The Historical Significance of Let Us Now Praise Famous Men

Matt Coogle

Let Us Now Praise Famous Men provides considerable insight into the historic events of 1930s America through its examination of Southern sharecroppers. In addition to illuminating concrete historical phenomena, the work illuminates fundamental attitude changes. Notably, James Agee and Walker Evans' method of handling their subject matter shows both a rejection of Victorian and Progressive values, and the adoption of a fundamentally different approach to addressing social issues. Unlike many who wrote before them, Agee and Evans did not criticize and berate the tenants' lifestyles. Rather, they respected the dignity of the families they profiled while sensitively presenting the hardships each family faced. Likewise, the author and photographer did not present the subject matter in the context of a perfectly ordered world that could be easily understood. Instead, Agee and Evans present a confusing world where judgments about dignity and the way humans should live are not easily made.

The manner in which Let Us Now Praise Famous Men reflects attitude changes is made lucid by comparing it with earlier assessments of social issues. One work that can be compared to Let Us Now Praise Famous Men is Jacob Riis' How the Other Half Lives. Though the latter work was published fifty years before the former, the pieces share some important qualities. For example, both were written by journalists about the poor. Let Us Now Praise Famous Men and How the Other Half Lives address issues such as housing, work, and education while chronicling the lives of poor people. Thus, the works are similar in their basic objectives and formats.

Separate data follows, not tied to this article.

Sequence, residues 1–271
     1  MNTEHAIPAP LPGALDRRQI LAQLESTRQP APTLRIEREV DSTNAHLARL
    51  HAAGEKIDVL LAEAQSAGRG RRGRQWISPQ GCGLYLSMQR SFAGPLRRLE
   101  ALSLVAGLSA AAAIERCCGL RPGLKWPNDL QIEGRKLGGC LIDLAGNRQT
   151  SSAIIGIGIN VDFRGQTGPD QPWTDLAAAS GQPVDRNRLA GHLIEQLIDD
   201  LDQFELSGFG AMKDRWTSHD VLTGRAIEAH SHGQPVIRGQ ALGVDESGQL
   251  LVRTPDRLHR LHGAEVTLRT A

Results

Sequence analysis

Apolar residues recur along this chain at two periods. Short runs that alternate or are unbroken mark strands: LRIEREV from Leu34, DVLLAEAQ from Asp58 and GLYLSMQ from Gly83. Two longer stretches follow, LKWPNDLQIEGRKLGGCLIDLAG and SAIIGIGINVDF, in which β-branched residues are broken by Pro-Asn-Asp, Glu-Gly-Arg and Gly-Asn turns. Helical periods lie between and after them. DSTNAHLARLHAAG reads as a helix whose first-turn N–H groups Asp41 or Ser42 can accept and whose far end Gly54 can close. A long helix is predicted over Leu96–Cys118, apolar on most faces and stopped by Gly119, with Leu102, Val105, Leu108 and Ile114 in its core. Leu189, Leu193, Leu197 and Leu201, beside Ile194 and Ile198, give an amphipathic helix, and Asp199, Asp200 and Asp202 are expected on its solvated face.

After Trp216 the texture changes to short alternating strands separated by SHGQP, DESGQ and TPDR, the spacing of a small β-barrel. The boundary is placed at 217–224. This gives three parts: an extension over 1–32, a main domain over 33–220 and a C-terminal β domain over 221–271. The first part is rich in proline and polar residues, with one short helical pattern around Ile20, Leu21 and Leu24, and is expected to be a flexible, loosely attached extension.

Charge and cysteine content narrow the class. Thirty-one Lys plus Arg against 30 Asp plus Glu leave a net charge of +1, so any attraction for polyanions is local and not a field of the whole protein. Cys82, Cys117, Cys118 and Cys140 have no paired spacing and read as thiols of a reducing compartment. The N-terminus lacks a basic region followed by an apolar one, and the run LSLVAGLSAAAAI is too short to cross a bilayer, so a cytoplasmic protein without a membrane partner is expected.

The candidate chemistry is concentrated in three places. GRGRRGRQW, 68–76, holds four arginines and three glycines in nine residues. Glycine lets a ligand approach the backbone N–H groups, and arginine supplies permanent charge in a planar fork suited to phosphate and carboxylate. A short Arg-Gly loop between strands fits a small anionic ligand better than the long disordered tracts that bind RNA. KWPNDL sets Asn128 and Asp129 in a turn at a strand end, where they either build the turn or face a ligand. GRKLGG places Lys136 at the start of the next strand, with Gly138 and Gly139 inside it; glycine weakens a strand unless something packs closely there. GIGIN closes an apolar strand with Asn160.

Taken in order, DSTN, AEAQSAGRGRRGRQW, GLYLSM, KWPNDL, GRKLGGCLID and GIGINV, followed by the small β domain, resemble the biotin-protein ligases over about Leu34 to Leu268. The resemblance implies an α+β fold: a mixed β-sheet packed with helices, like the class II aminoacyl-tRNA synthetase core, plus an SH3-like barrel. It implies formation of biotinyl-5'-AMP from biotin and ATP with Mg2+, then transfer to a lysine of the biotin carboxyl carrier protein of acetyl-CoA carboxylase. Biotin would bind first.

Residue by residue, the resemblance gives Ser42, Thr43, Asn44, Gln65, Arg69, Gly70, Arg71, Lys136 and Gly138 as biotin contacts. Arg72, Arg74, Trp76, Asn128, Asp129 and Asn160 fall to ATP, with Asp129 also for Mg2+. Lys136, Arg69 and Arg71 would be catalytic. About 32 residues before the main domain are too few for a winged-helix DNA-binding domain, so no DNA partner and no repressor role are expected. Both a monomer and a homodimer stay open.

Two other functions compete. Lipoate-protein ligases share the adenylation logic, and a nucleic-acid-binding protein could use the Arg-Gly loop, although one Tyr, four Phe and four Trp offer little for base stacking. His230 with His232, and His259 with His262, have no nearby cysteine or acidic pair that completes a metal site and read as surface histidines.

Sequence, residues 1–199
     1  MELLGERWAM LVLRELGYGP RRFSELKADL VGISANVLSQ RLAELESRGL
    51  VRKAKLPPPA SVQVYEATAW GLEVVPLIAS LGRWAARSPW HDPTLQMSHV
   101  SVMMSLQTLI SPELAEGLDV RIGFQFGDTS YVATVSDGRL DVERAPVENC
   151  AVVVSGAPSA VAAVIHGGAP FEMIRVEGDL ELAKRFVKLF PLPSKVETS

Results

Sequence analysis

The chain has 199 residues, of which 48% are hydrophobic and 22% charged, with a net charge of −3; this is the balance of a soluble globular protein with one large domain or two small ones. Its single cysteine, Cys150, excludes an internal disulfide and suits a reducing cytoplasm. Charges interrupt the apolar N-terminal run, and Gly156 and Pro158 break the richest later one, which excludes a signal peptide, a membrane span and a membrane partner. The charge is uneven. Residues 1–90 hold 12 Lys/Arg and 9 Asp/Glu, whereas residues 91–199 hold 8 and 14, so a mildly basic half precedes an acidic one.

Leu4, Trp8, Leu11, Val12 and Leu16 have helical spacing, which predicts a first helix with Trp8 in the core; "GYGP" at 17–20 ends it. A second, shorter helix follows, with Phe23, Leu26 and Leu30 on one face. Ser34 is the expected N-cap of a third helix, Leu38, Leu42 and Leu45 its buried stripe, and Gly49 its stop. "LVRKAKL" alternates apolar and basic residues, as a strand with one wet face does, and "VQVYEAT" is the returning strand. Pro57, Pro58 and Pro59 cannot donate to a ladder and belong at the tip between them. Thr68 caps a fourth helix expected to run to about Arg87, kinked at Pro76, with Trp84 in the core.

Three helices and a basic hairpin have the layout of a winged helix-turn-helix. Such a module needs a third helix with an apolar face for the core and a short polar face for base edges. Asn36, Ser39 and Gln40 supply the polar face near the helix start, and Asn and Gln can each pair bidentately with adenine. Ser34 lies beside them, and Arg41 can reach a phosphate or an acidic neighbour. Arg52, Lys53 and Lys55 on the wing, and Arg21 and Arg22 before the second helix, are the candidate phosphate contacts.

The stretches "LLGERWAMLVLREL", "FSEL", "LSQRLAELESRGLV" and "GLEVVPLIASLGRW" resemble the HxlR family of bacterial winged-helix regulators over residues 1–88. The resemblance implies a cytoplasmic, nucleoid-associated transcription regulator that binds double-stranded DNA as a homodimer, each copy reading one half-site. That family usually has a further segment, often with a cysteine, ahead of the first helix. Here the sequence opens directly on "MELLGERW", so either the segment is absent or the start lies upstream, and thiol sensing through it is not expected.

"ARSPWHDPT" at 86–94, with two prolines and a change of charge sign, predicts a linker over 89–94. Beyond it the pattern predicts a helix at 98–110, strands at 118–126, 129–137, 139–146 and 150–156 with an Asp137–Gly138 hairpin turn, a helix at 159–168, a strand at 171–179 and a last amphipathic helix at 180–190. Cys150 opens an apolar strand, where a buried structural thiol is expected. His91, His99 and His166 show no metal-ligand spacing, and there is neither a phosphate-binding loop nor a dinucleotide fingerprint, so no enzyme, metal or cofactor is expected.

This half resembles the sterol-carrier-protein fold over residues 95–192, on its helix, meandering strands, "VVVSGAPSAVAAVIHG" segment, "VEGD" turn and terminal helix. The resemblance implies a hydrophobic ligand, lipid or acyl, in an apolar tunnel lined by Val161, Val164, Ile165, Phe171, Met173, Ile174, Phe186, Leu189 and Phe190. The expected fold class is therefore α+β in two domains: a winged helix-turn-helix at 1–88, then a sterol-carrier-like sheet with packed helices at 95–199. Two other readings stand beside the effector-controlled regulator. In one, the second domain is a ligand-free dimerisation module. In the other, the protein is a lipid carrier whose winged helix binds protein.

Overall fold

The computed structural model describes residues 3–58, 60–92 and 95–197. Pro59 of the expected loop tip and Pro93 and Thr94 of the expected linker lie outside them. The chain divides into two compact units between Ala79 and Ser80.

Despite these structural similarities the two works are strikingly different in their manner of presentation. These differences in style serve as a reflection of the historical changes that occurred between 1890 and 1940. Essentially, Let Us Now Praise Famous Men issue a firm rejection of the Victorian notion of the ordered world. The 1940 work embraces a notion of the world as complex and confusing. To understand how Let Us Now Praise Famous Men asserts a modern world view, it is necessary to understand the ways in which How the Other Half Lives asserts Victorian values. First, the contemporary reader will notice the condescending attitude of Riis. Throughout the work, Riis passes judgment on the impoverished immigrants he examines. Riis labels virtually every immigrant group he encounters. For example, he describes Chinese as "neat" but untrustworthy and sneaky, and the Jewish as thrifty.[1] Furthermore, Riis uss strong language throughout his work to illustrate his disgust for the way these people lived. This is reflected even in Riis' choice of chapter headings such as "a Raid on the Stale Beer Dives" and "the Cheap Lodging Houses." Riis often talks of the stench and filth of the places where these immigrants live.

These clear-cut presentations of the lifestyles of the poor reflect broader Victorian values. Riis clearly viewed these people in an ordered and understandable Victorian context. The flaws of these people were completely clear. It was indisputable to Riis and his middle-class Victorian readers that slum-dwellers were inferior--at least in the way they lived their lives. Woven into Riis' work was the contention that Victorians had discovered the right way to live. Riis' Victorian readers saw themselves at the top of an evolutionary ladder while the poor remained on lower rungs with their inferior lifestyles. In the Victorian tradition, Riis was not concerned about presenting the poor as possessors of inherent human dignity. Rather, the most crucial problem was that immigrants were not living according to the Victorian image. This reflects the Victorians' confidence that they understood the right way to live and that it was appropriate to label and patronize those who did not live according to their vision.